Shoreline permit application under review
The owners of the only Madison Park house that actually sits in Lake Washington have filed an application to build a three-story, six-unit apartment building on the dry-land portion of their property at 2346 43rd Avenue E., north of Swing Set Park. Their 2,600 sq. ft. single-family home, built in 1947, sits over water on pilings near the shoreline and is connected to land by a narrow wood walkway.
The lot covers 16,053 sq. ft., only about a quarter of which is dry land, and is 38 feet wide. Owners Amanda and Matt Rosauer propose keeping the house as is and demolishing their carport, which fronts the sidewalk on 43rd, to accommodate the new multi-family structure. Below-grade parking is planned for the six new residential units.
The new building, designed by E. Cobb Architects, Inc., will be a LEED-certified, modernistic, concrete/stained- wood/coated-metal structure rising as high as 40 feet above the street level on one side, including the roof enclosure with its stair/elevator access and rooftop planters. The proposed apartments will range in size from 615 to 1050 sq. ft. The final design of the building will ultimately depend on which of three proposed footprints the City approves for the project, ranging from 1,753 sq. ft. to 2,247 sq. ft., depending on the size of required setbacks. Setbacks are the spaces between the property lines and the structure. Two of the three design alternatives require setback “adjustments” (meaning exceptions to City code) on either the south side, or on both sides of the property.
The Rosauers’ application for a Shoreline Substantial Development permit was submitted in early December, prompting several neighboring property owners to register objections. The height of the building, the potential impact on neighborhood parking patterns, and the size and density of the project relative to views are the neighbors’ principal objections.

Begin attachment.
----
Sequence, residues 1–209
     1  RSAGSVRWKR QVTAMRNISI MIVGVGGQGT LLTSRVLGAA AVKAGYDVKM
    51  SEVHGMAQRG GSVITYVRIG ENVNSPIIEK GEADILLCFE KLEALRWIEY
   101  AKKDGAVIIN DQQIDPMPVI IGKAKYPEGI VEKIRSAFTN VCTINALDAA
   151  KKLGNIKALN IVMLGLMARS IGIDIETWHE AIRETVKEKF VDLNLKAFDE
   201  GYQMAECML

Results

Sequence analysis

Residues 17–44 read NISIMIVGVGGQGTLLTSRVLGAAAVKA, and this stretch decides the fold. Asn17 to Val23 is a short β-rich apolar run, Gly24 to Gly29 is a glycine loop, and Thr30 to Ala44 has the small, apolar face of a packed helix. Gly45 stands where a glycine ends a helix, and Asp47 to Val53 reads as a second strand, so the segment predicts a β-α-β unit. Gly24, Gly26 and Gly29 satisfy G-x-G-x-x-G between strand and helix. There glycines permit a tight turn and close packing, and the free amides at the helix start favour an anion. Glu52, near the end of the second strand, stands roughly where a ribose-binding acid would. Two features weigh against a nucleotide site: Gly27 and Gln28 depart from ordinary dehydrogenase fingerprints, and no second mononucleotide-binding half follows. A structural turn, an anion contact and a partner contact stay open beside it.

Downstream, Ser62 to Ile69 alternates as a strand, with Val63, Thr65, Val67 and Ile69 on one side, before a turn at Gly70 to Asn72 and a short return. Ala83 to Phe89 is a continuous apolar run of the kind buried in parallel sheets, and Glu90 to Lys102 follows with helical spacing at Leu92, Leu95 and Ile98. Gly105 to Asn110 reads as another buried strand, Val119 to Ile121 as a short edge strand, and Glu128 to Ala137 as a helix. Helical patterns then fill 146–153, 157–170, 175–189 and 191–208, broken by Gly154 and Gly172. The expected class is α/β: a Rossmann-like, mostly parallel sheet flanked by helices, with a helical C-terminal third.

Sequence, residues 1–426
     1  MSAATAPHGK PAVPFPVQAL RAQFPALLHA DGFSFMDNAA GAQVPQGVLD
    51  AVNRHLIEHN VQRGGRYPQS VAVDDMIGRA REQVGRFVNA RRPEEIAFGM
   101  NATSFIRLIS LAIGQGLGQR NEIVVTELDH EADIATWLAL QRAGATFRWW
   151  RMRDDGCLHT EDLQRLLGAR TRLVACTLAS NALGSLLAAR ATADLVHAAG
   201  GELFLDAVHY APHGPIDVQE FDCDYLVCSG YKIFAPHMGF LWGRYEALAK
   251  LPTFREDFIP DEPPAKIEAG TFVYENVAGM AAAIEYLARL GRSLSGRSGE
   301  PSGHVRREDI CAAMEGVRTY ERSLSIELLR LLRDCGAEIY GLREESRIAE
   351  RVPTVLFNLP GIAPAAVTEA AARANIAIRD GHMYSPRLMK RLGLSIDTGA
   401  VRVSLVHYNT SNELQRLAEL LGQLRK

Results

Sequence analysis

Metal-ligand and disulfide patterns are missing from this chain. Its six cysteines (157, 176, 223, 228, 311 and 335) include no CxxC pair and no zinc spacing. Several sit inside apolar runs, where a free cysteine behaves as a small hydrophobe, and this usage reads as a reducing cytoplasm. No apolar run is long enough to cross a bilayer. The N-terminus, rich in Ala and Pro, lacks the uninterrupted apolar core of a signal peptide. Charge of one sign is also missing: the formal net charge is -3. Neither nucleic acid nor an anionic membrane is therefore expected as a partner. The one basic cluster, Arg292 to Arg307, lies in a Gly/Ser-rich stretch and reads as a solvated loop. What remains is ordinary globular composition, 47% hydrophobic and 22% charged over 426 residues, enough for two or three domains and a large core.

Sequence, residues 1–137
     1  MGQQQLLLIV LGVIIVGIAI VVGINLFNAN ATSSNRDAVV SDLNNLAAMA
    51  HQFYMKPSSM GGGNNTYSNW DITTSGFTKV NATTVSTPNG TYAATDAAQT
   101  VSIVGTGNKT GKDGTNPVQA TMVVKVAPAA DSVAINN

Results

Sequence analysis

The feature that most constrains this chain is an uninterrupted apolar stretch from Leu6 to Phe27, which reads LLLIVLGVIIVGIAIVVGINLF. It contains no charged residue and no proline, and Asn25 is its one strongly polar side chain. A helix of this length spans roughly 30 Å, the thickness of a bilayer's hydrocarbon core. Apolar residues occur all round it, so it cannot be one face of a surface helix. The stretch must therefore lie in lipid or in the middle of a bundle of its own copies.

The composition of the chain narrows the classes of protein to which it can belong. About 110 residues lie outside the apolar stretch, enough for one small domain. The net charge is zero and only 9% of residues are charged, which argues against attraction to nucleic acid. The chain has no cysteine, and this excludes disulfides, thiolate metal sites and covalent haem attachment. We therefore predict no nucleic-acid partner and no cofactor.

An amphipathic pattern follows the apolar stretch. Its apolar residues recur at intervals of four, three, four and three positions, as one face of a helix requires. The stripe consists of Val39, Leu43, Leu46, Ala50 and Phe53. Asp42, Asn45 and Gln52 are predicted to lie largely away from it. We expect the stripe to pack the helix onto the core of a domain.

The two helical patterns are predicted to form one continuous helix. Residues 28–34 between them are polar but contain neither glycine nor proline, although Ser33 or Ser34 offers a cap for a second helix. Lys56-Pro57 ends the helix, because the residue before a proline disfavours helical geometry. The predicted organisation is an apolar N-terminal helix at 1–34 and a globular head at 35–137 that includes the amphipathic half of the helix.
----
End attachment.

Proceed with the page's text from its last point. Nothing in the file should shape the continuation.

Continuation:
“This street/area is already overcrowded with multiple dwellings [and] finding a parking spot is difficult,” says one neighboring homeowner in a letter to the City. “This proposed project will block and destroy the view and ruin the ambience in the neighborhood. The house currently on the property…is a non-conforming use. This proposal is an outrageous insult to the neighborhood.”
Another neighboring homeowner echoed concerns about the view, writing, “The applicant’s proposed three-storey apartment building will negatively impact our unit by blocking the afternoon sun which we so enjoy.”
Lawyers for the homeowners of Lakeshore West condominiums (which sits just north of the subject property) commented that the proposed development is on a property that is nonconforming, meaning that it violates current rules for shoreline development. They argue that the City “should require removal of the nonconforming, overwater residence as a condition to the consideration of any new development of the property.” On behalf of the condo owners, they further objected to requested setback changes and the fact that there are only six on-site parking spaces being provided for the seven residential units (including the existing house).